The Story: The USS Enterprise answers a distress call from a nearby planet, and, once on the surface, discover a colony of human scientists that had gone missing nearly two decades ago. One of the scientists happens to be a foxy blond named Vina, who catches the eye of Captain Pike until she — and everyone else — suddenly vanish. They were all an illusion created by the bulb-headed Talosians, an mind-reading alien race that captures Pike and places him inside a cage. The subterranean Talosians want Pike and Vina (who now appears back in the cage) to get freaky and repopulate their planet with a race of slaves. Not cool. To make their proposal more enticing to Pike, they create a series of fantasy scenarios, recasting Pike and Vina in new roles each time: she’s a princess in need of rescuing, she’s a hot green alien, she’s a farm girl. They should have tried sexy librarian, which no man can resist. Pike does resist, though, and so the Talosians beam down the female crew members of the Enterprise. Pike and the ladies stage and escape, but are confronted by the Talosians before they return to their ship. Pike threatens to kill himself rather than be their stud, so the Talosians back down, offering some excuse about how humans are too violent anyway. Shouldn’t they have figured that out before they tried to populate their entire planet with humans? Live and learn, I guess. Pike tries to take Vina back aboard the Enterprise with him, but she explains that she must return underground with the Talosians. She really had crashed on the planet 18 years earlier, and was totally jacked up in the process; the Talosians “repaired” her and had been using their powers of illusion to make her appear normal and foxy. Before leaving, the aliens do Vina a solid and create an illusion of Pike to keep her company. They’re not all bad.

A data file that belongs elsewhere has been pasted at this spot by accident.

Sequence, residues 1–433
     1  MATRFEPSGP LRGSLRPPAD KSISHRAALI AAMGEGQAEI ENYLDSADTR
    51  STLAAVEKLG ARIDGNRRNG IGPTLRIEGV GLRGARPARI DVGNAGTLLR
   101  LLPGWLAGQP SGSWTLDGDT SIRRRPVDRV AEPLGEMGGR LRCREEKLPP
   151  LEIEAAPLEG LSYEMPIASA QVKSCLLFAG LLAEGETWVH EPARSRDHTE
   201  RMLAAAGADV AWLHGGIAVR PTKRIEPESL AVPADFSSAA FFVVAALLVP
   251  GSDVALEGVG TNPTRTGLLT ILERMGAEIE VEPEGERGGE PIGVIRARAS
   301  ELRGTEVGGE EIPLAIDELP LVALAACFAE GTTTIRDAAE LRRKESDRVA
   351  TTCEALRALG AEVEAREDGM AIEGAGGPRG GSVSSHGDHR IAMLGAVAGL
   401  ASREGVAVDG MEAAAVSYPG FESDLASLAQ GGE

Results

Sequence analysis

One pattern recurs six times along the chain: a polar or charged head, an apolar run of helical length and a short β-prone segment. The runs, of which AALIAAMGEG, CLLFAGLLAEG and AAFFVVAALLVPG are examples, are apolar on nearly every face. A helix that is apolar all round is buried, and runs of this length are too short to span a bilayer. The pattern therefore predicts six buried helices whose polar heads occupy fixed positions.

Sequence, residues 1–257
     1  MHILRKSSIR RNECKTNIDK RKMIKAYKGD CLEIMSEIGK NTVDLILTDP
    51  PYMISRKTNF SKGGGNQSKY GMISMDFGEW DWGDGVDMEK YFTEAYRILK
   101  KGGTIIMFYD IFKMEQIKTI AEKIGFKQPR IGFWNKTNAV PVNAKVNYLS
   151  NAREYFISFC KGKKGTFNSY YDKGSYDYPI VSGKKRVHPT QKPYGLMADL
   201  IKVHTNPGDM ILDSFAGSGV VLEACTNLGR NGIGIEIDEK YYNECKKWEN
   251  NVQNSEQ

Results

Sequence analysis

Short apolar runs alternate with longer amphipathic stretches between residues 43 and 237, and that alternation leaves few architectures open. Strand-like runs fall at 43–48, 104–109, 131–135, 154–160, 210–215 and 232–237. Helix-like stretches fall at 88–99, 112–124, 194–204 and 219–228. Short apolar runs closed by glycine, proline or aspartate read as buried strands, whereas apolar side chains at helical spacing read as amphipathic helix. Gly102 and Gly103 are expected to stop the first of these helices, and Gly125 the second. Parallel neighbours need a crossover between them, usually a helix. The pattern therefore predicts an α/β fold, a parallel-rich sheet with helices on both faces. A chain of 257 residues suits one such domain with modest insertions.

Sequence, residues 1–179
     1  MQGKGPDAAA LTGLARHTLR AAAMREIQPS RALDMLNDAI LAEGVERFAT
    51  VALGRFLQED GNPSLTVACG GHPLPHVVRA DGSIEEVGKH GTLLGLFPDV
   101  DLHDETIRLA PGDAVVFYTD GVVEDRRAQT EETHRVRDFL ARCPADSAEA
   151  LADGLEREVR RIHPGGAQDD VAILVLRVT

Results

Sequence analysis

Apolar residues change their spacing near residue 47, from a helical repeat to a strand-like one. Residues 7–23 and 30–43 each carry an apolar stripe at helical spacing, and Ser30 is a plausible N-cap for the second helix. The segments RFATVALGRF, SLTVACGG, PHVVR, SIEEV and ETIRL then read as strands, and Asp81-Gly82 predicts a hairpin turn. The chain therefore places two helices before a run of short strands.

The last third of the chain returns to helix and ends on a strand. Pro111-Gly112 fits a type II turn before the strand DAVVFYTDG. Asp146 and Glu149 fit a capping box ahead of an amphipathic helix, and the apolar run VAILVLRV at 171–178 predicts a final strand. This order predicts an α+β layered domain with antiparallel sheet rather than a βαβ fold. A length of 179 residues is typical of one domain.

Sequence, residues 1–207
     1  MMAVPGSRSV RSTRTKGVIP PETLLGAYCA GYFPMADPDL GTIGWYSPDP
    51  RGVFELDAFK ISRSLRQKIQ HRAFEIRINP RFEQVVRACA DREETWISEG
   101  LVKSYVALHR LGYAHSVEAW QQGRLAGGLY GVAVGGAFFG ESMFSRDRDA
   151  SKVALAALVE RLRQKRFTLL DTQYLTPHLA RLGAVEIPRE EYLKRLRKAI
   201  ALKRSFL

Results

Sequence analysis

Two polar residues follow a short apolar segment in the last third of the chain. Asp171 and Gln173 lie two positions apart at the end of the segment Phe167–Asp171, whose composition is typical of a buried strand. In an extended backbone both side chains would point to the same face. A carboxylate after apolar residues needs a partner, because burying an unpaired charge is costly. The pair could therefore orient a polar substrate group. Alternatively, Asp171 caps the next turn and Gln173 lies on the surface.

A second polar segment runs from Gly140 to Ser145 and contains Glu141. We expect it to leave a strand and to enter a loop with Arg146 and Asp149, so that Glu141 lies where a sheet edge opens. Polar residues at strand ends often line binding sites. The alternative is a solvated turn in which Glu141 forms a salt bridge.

Reflections from a First Timer: I’m already putting way too much pressure on myself because this is technically both the first episode of Star Trek and the first installment of Boldly Going, but I still managed to really enjoy “The Cage.” No, Christopher Pike is no Jim Kirk (Kirk, for one, would have closed the deal with the make-believe pretty chick), but I was impressed that the series basically opens with the captain of the Enterprise bitching about how he doesn’t want the responsibility. He’s burned out and tired, and those are not necessarily the first traits we expect to learn about our hero in a 1960s television series. Already, Star Trekis distinguishing itself.